PEDIATRIC OSA -SEVERITY PEDIATRIC OSA -SEVERITY OSA SEVERITY LEVEL AHISpO2 NADIR % PEAK ETCO2 TORR PEAK ETCO2 > 5O T0rr %TST MILD1-486-91>5310-24 MODERATE5-1076-85>6025-49 SEVERE>10<75>65>50
MANAGEMENT Any child with AHI> 5 intervention is necessary. Less of a consensus regarding AHI 1-5. Surgical Adenotonsillectomy – First Line of therapy Adenotonsillectomy – First Line of therapy Turbinate reduction Turbinate reduction Craniofacial surgery- Craniofacial surgery- Mandibular advancement/ Maxillary distraction. Mandibular advancement/ Maxillary distraction. Lingual Tonsillectomy/ Epiglottopexy Lingual Tonsillectomy/ Epiglottopexy Hyoid Suspension Hyoid Suspension Tracheostomy Tracheostomy Medical Weight loss Weight loss Continuous positive airway pressure Continuous positive airway pressure Intranasal steroids (modest effect)-Mild patients Intranasal steroids (modest effect)-Mild patients Leukotriene antagonist- Mild patients Leukotriene antagonist- Mild patients Oral appliances Oral appliances Positional therapy Positional therapy
Tonsillectomy and OSA Tonsillectomy “effective” 60-70% of children with significant tonsillar hypertrophy (if use AI<1 as measure of success) 82% of children had resolution of OSA (if use AHI <5 as measure). Tonsillectomy produces resolution of OSA in only 10-25% of obese children
Adenotonsillectomy Efficacy Efficacy AHI Quality of life Cognition Pediatric Sleep Questionnaire IQ Test Cardiovascular Parameters Cerebral blood flow Hemoglobin Saturation Pulse Rate Pulse variability School performance Significant improvement in grades from 1 st to 2 nd grade in cohort that underwent adenotonsillectomy. No significant change in control group and group that chose not to have adenotonsillectomy.. Enuresis/Incontinence Children with OSA have increased risk for enuresis. Possibly related to increased levels of BNP? Significant decrease in nocturnal enuresis and voids/day after adenotonsillectomy.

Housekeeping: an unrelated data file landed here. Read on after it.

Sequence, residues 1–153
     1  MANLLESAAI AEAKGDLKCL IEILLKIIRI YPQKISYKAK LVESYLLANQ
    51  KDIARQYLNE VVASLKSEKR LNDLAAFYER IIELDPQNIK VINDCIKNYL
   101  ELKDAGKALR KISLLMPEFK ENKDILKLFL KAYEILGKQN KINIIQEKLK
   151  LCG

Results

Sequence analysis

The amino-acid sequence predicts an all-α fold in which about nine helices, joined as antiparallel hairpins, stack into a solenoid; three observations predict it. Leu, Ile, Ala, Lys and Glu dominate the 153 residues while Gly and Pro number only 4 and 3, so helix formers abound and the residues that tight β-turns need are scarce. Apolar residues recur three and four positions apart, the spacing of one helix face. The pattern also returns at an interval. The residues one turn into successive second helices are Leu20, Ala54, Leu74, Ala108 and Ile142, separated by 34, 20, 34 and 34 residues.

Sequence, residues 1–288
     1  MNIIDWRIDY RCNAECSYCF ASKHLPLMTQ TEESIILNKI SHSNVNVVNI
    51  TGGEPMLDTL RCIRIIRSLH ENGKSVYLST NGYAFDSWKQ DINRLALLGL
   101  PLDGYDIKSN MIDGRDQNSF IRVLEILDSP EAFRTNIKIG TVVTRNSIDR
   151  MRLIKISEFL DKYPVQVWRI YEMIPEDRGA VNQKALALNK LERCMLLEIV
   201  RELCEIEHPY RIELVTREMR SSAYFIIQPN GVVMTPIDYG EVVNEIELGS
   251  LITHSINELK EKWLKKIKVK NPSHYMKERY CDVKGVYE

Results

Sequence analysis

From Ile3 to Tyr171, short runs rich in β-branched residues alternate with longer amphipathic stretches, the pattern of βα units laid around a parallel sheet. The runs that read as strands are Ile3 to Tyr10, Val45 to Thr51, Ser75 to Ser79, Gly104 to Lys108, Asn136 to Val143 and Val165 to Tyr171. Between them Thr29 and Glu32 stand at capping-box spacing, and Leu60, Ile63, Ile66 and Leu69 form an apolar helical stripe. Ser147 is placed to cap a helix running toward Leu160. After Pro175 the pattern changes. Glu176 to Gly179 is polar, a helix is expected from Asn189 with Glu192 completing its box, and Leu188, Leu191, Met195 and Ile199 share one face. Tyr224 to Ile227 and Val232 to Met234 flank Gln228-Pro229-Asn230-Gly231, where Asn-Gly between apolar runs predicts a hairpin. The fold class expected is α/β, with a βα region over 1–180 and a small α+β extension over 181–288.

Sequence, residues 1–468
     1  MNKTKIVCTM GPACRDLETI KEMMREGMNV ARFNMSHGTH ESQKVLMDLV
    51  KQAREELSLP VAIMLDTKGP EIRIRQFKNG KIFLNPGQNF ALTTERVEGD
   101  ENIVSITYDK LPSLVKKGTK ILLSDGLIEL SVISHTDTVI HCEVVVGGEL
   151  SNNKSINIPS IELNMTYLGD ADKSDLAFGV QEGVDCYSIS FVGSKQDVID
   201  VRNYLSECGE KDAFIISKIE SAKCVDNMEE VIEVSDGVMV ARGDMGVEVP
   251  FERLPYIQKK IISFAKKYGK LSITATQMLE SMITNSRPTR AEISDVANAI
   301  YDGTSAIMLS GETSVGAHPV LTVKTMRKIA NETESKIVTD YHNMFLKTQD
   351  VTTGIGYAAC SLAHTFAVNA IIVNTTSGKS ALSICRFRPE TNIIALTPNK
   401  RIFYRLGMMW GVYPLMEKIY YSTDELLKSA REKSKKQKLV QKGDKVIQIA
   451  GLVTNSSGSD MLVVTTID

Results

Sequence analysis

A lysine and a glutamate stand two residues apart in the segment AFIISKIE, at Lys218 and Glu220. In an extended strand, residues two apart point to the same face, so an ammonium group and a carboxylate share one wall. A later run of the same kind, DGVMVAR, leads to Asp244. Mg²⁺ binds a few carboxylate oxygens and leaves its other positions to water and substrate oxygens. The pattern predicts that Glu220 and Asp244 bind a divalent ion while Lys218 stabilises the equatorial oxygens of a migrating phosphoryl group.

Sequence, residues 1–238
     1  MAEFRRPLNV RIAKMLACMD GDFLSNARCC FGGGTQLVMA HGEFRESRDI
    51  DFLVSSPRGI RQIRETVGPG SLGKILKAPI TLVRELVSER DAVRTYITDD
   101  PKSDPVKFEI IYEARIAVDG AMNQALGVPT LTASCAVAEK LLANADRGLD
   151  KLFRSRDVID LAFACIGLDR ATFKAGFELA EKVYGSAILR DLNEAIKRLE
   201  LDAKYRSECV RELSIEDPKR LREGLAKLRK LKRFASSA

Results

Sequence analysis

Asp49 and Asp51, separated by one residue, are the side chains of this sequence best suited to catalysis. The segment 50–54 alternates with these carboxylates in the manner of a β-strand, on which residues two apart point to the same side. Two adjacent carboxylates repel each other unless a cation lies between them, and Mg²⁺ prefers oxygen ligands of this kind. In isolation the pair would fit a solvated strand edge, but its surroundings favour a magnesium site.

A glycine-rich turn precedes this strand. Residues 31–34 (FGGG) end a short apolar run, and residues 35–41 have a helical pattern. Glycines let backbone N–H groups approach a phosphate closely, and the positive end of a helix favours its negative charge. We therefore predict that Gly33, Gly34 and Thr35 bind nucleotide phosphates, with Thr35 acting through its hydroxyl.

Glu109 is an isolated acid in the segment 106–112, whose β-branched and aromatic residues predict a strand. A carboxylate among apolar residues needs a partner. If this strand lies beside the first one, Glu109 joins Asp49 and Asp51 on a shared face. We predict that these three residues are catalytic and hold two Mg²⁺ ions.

HIGH RISK PATIENTS Risk Factors for Postoperative Respiratory Complications in Children with OSAS undergoing Adenotonsillectomy –Age Younger than 3 years –Severe OSAS on PSG, AHI>10 –Pulmonary hypertension –Congenital heart disease –Failure to Thrive –Prematurity, CLD. –Recent URI – Morbid Obesity –Trisomy 21 –Craniofacial abnormalities –Neuromuscular disorders, Cerebral Palsy –Asthma –Seizures
CPAP CPAP Almost always an alternative to surgery Surgical failure Morbid Obesity Complex OSA Non-Surgical candidates FDA approved for children > 30 kg
Role of Sleep Endoscopy Performed with IV Propofol infusion Highest reliability for evaluation of hypopharyngeal structures Consider for patients who have failed previous sleep apnea surgery or initially as part of staged surgery
Conclusion Loudness of snoring does not correlate with degree of OSA In-lab PSG is gold-standard to confirm OSA Only 55% of children with suspected OSA, based on clinical evaluation, actually have OSA confirmed on sleep study Adenotonsillectomy is first line treatment T&A 60+% effective if use AI<1 as measure of success and over 80% effective if use AHI<5 as measure Need to think of multi-disciplinary approach ENT, sleep medicine physician, nutritionist, oral surgeon, bariatric surgeon ENT, sleep medicine physician, nutritionist, oral surgeon, bariatric surgeon